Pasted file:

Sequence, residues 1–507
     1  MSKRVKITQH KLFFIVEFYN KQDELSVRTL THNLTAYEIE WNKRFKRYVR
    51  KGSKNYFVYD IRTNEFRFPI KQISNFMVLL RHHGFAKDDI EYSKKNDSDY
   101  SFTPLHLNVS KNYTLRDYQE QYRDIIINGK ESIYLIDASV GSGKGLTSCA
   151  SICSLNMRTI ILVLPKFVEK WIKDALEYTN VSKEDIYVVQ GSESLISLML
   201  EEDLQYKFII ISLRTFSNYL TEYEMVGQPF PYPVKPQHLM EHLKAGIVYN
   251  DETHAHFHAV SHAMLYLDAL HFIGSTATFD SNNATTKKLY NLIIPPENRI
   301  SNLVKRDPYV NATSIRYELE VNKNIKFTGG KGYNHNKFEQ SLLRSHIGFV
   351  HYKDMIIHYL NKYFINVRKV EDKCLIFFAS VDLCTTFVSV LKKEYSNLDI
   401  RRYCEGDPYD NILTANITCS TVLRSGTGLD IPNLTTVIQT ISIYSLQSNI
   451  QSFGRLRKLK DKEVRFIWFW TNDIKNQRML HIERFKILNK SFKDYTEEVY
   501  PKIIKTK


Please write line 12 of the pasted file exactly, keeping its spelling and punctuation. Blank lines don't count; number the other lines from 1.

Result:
   501  PKIIKTK